Estate plans have expanded through the years and it is not uncommon for people to provide for their pets when drafting a will. To many, pets are a source of comfort and love. In fact, more than two-thirds of pet owners consider their animals to be members of their families, so creating a pet trust is quite common. According to New York State laws, pets are considered “property” so leaving instructions on how to care for them, does not guarantee your pet’s comfort and well-being should you pass away.
We recently had a client who was worried about providing for his pets who would likely outlive him. The pets were not traditional domestic pets which complicated matters when trying to find them a prospective home. He appointed a Trustee who will be paid an annual salary to ensure that the terms of the trust are carried out. Additionally, the pet trust will be funded with $125,000—however, New York State law allows the court to reduce the value of the trust.
What can you do to ensure your pet is taken care of properly?
- Make advance arrangements to protect the pet during the period between death and the admission of the will to probate and death.
- Consider what happens if you should be hospitalized or incapacitated and make the necessary arrangements for the care of your pet during that time.
- Provide funds for your pet’s care. All 50 states prohibit someone from naming their pet as an estate beneficiary. They may leave a sum of money to the person designated to care for the pet either outright or in a trust. As you can imagine, it is very important to choose someone you trust if you are doing this.
- Designating a caretaker well in advance. This is typically a friend or family member who will accept the responsibility of taking care of your pet. You will want your pet(s) to have a good home with someone who will make sure your wishes are taken into consideration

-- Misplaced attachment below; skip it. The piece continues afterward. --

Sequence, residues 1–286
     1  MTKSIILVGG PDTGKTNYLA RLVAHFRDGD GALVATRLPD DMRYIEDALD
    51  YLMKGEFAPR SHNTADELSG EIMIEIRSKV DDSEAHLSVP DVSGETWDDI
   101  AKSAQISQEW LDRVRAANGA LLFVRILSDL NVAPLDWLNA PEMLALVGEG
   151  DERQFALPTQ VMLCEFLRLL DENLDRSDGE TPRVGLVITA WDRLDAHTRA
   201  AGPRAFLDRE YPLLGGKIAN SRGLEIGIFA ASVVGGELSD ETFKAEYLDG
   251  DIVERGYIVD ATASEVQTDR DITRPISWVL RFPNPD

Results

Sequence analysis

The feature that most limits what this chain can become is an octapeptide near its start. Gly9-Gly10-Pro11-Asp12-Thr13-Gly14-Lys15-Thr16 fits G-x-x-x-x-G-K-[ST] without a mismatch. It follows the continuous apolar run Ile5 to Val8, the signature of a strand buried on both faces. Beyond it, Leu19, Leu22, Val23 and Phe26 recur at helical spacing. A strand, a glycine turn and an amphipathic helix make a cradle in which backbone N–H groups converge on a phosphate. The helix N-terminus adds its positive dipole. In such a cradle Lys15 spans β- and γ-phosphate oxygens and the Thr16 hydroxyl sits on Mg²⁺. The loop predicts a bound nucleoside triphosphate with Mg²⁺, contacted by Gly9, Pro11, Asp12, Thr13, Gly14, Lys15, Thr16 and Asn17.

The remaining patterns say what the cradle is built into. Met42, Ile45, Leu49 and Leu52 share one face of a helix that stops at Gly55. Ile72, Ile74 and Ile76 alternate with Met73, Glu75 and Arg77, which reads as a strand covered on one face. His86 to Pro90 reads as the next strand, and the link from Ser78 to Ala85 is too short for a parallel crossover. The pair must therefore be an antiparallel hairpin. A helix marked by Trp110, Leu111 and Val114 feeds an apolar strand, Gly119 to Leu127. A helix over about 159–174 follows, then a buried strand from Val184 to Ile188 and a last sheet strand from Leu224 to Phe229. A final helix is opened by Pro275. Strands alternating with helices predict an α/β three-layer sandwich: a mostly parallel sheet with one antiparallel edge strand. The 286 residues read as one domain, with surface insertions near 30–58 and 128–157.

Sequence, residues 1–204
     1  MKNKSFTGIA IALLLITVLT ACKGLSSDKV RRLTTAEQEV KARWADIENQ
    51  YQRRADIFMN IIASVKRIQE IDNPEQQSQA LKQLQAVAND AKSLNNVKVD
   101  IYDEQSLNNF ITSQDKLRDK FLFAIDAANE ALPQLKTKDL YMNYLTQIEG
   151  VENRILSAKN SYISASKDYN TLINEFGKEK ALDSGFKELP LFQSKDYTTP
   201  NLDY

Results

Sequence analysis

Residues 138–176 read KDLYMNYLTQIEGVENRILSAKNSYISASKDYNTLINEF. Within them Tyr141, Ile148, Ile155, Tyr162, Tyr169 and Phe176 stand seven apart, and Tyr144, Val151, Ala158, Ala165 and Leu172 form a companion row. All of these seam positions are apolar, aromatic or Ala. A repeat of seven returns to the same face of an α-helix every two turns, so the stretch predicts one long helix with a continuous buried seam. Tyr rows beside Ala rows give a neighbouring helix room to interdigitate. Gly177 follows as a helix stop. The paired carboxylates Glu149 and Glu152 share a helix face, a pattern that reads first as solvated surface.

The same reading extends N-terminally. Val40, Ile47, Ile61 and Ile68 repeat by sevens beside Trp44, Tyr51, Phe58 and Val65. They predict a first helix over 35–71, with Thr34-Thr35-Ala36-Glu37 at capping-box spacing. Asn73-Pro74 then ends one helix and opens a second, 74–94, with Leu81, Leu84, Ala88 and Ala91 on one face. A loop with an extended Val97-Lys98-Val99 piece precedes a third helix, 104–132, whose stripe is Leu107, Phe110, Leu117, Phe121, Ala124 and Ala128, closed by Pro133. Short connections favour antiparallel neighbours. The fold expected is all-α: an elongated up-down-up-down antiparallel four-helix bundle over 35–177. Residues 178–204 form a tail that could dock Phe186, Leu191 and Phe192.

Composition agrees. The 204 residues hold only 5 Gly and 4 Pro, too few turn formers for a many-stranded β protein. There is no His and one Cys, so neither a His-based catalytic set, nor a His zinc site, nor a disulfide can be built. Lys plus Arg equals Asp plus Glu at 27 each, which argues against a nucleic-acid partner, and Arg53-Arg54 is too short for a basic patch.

- Have your executor select among a group of potential caretakers. You should trust the executor to make the decision based on knowing what is important to you. In this case, both the executor and the potential caretakers should all be notified in advance.
In New York State, pet owners can make a “conditional bequest” in which both the pet and a sum of money are left to the beneficiary who must use the money for the care of the animal. “The client we mentioned above was paying his “Executor” a monthly fee to help to ensure that his wishes are carried out. If you cannot find someone to carry out your wishes, another option is to contact a shelter or charitable organization that cares for pets. It is recommended that you do a little research into their reputation and processes.
There is a lot to consider when planning for the care of your pet after you pass. In addition to the above, there are more options and short-term solutions. Should you have questions or would like to set up a consultation to discuss adding your pet to your will, please contact our office at 845-298-2000.
About SRDD Law
SRDD Law helps clients to protect their assets from the obstacles that face us as we age, whether it be taxes, long term care expenses, family disagreement, a property related issue or special needs. We assist clients throughout the Hudson Valley as well as in Florida. Our firm offers a full range of elder law and estate planning options that will make sure you are covered in the event of an emergency medical concern.